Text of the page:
We paused, hemmed and hawed. It was hot, we were pouring sweat, we’d lost the trail and were just crashing at a compass bearing on our GPS. We would have to do this twice more just to get to this lake that wasn’t even out destination. It was 3pm and the first trip had taken 2h. Even if we made it back unencumbered in half that time we were looking at a 6pm arrival which meant we’d have to bush a site in these thick alder bushes. We learned our lesson about pushing on too late in the day last year when we spent the night separated from our gear and with only our life jackets and a fire for warmth, and we did not feel like a repeat experience (read about that adventure in Smoothwater Loop Part 2). We had achieved our goal of exploring this portage, bringing us one step closer to the goal of travelling to areas even more remote than Temagami someday, and beautiful Florence Lake was waiting for us back the way we came. These kind of trips require a healthy respect of the wilderness and her wildness. Every foray into new challenges gives the opportunity to learn new things and hone your skill. Picking out that trail brought us one step closer to someday forging our own trails through the bush and so we considered it a success.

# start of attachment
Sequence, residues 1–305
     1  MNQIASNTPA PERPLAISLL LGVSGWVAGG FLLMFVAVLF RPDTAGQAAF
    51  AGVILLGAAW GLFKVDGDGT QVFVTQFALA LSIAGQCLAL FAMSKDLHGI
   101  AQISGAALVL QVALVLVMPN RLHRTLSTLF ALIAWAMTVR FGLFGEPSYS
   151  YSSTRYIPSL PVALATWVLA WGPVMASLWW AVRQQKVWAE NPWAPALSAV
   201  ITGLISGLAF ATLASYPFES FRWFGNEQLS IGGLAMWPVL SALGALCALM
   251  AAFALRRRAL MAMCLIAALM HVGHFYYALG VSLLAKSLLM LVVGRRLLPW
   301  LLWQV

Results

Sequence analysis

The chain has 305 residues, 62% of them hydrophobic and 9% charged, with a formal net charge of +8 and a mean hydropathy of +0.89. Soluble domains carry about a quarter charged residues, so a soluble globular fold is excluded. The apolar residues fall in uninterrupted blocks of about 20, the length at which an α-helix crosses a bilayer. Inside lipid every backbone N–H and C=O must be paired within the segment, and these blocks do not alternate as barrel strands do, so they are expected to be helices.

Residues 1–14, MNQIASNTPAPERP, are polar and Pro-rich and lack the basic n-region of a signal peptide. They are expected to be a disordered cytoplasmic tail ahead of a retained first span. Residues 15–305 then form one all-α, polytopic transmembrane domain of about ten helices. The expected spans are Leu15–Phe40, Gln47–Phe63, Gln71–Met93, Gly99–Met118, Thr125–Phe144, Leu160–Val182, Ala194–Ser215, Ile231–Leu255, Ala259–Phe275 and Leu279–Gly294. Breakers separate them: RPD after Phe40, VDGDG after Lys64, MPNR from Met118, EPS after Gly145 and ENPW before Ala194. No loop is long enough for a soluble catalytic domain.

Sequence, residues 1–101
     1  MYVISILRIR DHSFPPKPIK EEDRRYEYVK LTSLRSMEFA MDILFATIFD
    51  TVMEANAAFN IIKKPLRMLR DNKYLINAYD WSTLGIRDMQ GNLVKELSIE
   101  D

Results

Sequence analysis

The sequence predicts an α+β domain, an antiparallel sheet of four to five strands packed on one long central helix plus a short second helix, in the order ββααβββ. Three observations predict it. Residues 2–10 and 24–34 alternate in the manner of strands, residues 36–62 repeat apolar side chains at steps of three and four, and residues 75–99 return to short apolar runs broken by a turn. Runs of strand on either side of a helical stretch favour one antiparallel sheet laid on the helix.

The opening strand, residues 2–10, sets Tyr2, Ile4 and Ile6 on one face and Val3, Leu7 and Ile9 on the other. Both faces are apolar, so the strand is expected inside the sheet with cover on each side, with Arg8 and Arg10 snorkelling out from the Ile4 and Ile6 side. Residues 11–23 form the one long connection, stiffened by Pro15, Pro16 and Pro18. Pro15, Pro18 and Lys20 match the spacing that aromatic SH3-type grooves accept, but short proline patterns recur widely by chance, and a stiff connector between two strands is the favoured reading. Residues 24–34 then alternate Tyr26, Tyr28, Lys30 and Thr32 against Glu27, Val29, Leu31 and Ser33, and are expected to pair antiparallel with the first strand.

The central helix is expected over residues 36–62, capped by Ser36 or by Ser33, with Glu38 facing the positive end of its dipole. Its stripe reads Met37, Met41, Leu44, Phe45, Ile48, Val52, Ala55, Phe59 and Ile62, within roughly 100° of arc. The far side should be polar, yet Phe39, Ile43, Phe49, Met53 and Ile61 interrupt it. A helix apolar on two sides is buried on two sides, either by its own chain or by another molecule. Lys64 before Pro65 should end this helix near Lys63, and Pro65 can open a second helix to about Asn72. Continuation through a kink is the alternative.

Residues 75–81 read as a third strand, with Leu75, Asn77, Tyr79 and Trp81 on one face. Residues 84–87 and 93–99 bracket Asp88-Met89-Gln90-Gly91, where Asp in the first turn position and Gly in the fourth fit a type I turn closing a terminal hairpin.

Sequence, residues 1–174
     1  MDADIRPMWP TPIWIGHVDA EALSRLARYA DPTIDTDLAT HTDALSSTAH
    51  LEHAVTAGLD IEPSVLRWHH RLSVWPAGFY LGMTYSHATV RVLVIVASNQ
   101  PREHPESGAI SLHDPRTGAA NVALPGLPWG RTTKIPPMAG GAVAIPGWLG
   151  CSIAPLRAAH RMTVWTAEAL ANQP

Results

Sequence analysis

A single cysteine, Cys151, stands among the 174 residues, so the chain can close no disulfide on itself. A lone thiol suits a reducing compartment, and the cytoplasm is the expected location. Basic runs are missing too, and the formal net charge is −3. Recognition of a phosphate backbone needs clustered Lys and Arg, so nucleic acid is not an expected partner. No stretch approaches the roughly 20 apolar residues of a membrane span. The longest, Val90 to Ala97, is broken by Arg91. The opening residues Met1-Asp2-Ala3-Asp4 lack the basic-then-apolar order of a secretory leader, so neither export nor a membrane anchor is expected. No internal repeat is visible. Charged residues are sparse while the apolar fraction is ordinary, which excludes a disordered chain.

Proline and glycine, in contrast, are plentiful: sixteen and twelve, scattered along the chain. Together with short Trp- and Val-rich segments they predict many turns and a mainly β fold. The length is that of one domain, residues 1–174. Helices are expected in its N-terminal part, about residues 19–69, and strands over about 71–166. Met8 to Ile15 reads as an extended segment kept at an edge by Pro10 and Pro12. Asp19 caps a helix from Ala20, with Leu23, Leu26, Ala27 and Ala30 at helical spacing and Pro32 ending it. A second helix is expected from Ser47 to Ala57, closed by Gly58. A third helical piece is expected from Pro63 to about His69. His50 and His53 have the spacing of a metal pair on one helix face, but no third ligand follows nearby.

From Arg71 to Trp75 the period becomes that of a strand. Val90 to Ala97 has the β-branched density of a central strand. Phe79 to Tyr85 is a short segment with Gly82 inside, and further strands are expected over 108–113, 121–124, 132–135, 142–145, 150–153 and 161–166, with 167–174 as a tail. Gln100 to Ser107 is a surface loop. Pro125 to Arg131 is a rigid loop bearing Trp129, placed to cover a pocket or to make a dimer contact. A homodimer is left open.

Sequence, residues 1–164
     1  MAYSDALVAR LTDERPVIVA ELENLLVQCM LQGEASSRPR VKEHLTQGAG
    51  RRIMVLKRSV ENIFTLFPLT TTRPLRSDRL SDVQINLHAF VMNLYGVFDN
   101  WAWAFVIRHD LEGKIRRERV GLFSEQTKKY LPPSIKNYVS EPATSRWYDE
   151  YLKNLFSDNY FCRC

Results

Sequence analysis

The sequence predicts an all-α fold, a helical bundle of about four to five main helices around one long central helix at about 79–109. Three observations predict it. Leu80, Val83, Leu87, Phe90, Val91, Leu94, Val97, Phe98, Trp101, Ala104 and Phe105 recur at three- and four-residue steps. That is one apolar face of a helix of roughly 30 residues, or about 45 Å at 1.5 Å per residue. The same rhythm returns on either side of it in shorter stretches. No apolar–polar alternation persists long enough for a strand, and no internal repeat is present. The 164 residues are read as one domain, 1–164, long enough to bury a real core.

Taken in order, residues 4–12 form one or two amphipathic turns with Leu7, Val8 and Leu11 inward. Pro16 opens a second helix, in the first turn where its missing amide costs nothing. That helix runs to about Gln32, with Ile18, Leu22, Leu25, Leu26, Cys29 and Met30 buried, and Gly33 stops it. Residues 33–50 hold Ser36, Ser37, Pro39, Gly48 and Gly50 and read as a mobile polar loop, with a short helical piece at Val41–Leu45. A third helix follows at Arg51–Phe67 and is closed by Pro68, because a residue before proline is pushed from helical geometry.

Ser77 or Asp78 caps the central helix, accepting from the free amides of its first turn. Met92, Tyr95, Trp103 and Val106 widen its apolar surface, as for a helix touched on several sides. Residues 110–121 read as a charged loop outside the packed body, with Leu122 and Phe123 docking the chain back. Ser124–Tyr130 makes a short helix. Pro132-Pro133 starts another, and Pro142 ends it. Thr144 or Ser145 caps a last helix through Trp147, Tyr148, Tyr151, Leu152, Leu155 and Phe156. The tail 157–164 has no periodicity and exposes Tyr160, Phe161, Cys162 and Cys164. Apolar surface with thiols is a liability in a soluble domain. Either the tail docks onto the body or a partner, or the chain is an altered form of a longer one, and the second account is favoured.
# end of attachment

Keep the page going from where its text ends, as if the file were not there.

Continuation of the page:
We went back, grabbed our bags and headed back the way we’d come, opting to stay on Florence Lake for the night. On the way back I worked out how to use the GPS better and we mainly stayed on the trail the whole way. We also found the fattest, tallest, straightest white pine we’ve ever seen – probably 400 years old! We emerged from the forest bathed in sweat, covered in bug bites (Sean literally had about 50 bites just on his one wrist alone), legs shaking and swearing a blue streak. A quick escape in the canoe brought us to one of Florence Lakes’ many white sand beaches. The first order of business was a swim and a bath. Next, lunch. The afternoon air was perfectly still so we found shelter in the shade from an island and floated there to eat our bagels w salami and cheese.